Media Literacy for Teaching English

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This is the presentation used for a workshop at John Cabot University in Rome. The aim of the workshop is professional development for Italian teachers of English literature.

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Media Literacy for Teaching English

  1. 1. Media  Literacy   for  Teaching  English     Antonio  López   John  Cabot  University   July  8,  2014    
  2. 2. Agenda:     Brief  introducGon   Defining  Media  Literacy   Media  Literacy  Techniques   Media  Literacy  and  Teaching  English  
  3. 3. What  is  the  difference   between  “literature”  and   “media”?    
  4. 4. What  is  literacy?  
  5. 5. Media  Literacy:  Defined  variously  as   learning  to  access,  evaluate  and  produce   media  in  a  variety  of  formats.       Literacy:  “the  sharing  of  meaning  through   symbols  in  order  to  fully  parGcipate  in   society”       (hTp://www.knightcomm.org/digital-­‐and-­‐media-­‐literacy/the-­‐heritage-­‐of-­‐ digital-­‐and-­‐media-­‐literacy/)        
  6. 6. Major  OrientaGons  
  7. 7.   Types  of  media  literacy:     Using:  Computer  use/ICT  skills,  workforce  development     Teaching  with:  Technology  integraGon,  digital  learning,   online  reading     Authorship:  MulGmedia  composiGon     Teaching  about:  InformaGon  literacy,  media  literacy,   internet  safety,  social  responsibility     Source:   h*p://www.slideshare.net/reneehobbs/the-­‐globaliza:on-­‐ of-­‐digital-­‐literacy        
  8. 8. Media  and  InformaGon  Literacy  (UNESCO)  
  9. 9. Doing  Media  Lit:   • Access   • Map   • Ask   • Evaluate     • Synthesize   • Communicate  
  10. 10. Media   Object   Text   Audience/User/   parGcipant   Material  CondiGons   Producer   Worldview   Environment   Culture   Economy  
  11. 11. Text   Audience/User/   parGcipant   Material     CondiGons   Producer   What  is  its  format?   What  do  you  see/hear?   What  is  the  story?   Is  it  fact,  opinion,  or  something  else?   How  is  it  told?   What  symbolic  resources  does  it  use?   What  techniques  are  used?   What’s  leb  out  of  the  story?   How  does  the  lifestyle  &  values  of     the  M.O.  orient  to:   •  Your  worldview   •  Family  experience   •  Ethnic/cultural  idenGty   •  Social  status?   What  emoGons  does  it  generate?   Does  this  benefit  or  harm  anyone?   What  could  you  do  to  respond?   How  was  it  made?   What  are  the  medium’s  properGes?   What  is  it  comprised  of?   Where  did  it  come  from?   How  does  it  impact  the  environment?   Who  paid  for  it?   How  was  it  distributed?   Why  was  it  produced?   Who  is  being  targeted?  Why?   What  is  the  goal(s)  of  the  producer?   What  kind  of  organizaGon     (corporate,  for  profit,  nonprofit,  government,     public,  individual,  social  network)?   Media   Object   (M.O.)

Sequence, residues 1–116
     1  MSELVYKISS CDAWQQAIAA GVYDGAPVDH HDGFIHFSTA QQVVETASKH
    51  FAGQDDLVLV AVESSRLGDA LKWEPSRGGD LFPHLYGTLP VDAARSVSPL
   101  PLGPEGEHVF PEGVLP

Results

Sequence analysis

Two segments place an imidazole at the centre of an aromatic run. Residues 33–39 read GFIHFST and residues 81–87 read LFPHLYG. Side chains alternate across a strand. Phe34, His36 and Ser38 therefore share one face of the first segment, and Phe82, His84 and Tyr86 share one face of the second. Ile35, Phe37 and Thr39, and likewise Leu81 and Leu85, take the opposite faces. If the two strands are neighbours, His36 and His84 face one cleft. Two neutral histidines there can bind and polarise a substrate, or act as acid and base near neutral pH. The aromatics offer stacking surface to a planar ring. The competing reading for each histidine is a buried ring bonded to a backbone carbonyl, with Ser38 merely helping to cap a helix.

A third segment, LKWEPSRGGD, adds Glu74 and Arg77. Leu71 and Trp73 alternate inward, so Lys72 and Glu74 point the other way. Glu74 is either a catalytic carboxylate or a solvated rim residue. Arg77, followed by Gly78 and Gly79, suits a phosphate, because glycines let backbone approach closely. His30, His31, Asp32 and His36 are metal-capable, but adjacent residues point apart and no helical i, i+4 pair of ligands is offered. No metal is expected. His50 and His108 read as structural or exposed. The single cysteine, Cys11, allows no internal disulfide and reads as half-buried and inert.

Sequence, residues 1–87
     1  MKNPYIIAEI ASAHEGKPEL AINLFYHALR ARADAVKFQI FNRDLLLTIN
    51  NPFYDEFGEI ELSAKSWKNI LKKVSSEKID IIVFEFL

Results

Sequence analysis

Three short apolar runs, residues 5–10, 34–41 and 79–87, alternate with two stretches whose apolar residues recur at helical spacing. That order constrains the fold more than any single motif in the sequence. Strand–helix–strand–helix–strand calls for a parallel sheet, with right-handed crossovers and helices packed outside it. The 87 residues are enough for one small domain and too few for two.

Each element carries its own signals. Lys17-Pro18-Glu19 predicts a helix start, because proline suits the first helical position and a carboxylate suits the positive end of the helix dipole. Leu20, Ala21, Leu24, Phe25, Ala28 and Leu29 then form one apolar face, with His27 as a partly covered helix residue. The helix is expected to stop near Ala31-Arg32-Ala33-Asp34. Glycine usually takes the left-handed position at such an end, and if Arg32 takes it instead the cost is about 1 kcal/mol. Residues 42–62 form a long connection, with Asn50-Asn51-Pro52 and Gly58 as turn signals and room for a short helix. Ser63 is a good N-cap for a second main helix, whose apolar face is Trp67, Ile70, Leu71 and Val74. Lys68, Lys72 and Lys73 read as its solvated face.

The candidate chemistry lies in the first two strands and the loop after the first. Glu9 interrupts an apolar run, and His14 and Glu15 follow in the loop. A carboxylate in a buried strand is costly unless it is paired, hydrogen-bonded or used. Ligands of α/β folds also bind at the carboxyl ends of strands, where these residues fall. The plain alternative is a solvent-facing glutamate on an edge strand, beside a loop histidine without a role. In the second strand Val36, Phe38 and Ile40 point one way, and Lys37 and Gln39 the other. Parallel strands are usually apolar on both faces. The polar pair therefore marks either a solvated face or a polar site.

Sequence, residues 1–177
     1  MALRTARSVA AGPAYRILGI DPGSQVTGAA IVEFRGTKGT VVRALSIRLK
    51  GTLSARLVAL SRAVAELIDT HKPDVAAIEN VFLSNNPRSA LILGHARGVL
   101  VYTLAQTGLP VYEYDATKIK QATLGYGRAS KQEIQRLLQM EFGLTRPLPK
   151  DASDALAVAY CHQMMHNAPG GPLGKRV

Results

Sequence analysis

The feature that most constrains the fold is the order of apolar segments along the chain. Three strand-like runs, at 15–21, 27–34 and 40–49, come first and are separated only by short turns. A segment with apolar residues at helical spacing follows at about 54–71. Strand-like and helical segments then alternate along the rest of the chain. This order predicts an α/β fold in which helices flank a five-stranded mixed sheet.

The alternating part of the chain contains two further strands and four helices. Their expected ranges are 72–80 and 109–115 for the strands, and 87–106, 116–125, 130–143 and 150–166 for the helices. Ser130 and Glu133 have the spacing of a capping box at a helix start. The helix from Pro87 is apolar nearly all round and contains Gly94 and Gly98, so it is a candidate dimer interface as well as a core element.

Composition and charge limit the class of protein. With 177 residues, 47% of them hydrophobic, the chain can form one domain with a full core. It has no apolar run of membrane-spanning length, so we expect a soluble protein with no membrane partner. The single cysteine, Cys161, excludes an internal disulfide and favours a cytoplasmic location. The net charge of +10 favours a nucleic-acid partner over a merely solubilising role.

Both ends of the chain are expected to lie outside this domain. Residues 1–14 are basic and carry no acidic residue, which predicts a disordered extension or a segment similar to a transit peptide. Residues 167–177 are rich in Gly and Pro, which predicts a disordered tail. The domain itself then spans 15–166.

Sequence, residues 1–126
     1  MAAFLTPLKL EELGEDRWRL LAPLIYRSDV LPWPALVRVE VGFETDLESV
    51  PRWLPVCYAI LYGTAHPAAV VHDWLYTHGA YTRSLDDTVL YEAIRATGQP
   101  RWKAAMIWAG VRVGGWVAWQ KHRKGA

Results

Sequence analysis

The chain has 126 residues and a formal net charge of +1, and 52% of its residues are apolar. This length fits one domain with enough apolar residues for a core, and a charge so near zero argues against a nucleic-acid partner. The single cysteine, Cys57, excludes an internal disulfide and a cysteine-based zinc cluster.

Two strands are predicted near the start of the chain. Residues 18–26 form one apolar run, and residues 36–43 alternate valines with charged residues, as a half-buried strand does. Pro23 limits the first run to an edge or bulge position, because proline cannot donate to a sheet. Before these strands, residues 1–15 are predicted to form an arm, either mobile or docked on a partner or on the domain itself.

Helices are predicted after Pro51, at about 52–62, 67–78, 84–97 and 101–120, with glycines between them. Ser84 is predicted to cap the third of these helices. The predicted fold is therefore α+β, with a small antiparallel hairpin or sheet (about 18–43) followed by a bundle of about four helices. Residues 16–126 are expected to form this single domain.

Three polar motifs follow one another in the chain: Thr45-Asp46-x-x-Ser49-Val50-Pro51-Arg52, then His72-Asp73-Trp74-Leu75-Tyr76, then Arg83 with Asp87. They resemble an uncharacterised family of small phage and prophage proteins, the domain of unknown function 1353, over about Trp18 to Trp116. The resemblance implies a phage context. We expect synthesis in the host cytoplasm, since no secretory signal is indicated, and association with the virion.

12. 12. hTp://youtu.be/dnLQnTOCF6w   Warm-­‐up  Gps:       What  messages  do  you  see?   What  did  you  feel  while  you  watched  it?     what  symbols  do  you  see?     What  camera  angles  are  used?    
  13. 13. ProducGon,  literary,  and  format  issues:     Novels  and  graphic  novels     Poems  and  music  videos   Short  stories  and  TV  shows/film   Music  vs.  music  video   Poem  read  vs.  poem  heard      
  14. 14. Content  Areas:     RL  –  Reading  literature     RI  –  Reading  informaGon     W  –  WriGng   SL  –  Speaking  and  Listening     L  –  Language     hTp://namle.net/wp-­‐content/uploads/2013/12/NAMLEMLECCSSGUIDE.pdf   Common  Core  State  Standards   English  Language  Arts  
  15. 15. Connec9on  #1:  Imagine  students  as   authors  of  different  types  of  media   messages  —  how  might  their  wriGng   style,  purpose,  point  of  view,  or  use  of   evidence  shib  if  they  were  wriGng  a  blog   post  versus  an  academic  essay?  A  leTer   to  the  editor  versus  a  “tweet”?   hTp://namle.net/wp-­‐content/uploads/2013/12/NAMLEMLECCSSGUIDE.pdf    
  16. 16. Connec9on  #2:  When  we  expand  our   definiGon  of  texts  to  the  variety  of   media  that  we  use  in  our  everyday   lives,  we  broaden  the  materials  and   concepts  we  have  at  our  disposal  in   the  classroom,  increase  student   engagement,  and  enrich  learning   experiences.   h"p://namle.net/wp.content/uploads/2013/12/NAMLEMLECCSSGUIDE.pdfD D
  17. 17. Connec9on  #3:  Strategies  include   asking  quesGons  to  assess  credibility   —where  do  sources  come  from?  Who   made  them  and  why?  Are  they   intended  to  entertain,  inform,  or   persuade?  And  if  so,  whom  are  they   trying  to  reach?   h"p://namle.net/wp.content/uploads/2013/12/NAMLEMLECCSSGUIDE.pdfD D
  18. 18. Connec9on  #4:  When  students  make   media  of  their  own,  whether  it’s   through  filmmaking,  graphic  design,   web  design,  or  some  other  form  of   media  producGon,  they  connect   professional  media  pracGces  to  their   own  opinions,  ideas,  quesGons,  and   values.   h"p://namle.net/wp.content/uploads/2013/12/NAMLEMLECCSSGUIDE.pdfD
  19. 19. Connec9on  #5:  By  reflecGng  on   their  own  values  and  understanding   the  values  of  different  disciplines,   cultures,  and  points  of  view,   students  are  beTer  able  to   communicate  thoughoully  with   others  who  may  be  different  from   them.   h"p://namle.net/wp.content/uploads/2013/12/NAMLEMLECCSSGUIDE.pdfD
  20. 20. Ciao!     Antonio  López     Email:     alopez@johncabot.edu     Workshop  website:     hTp://www.openmediaeducaGon.net/ medialit-­‐english/  

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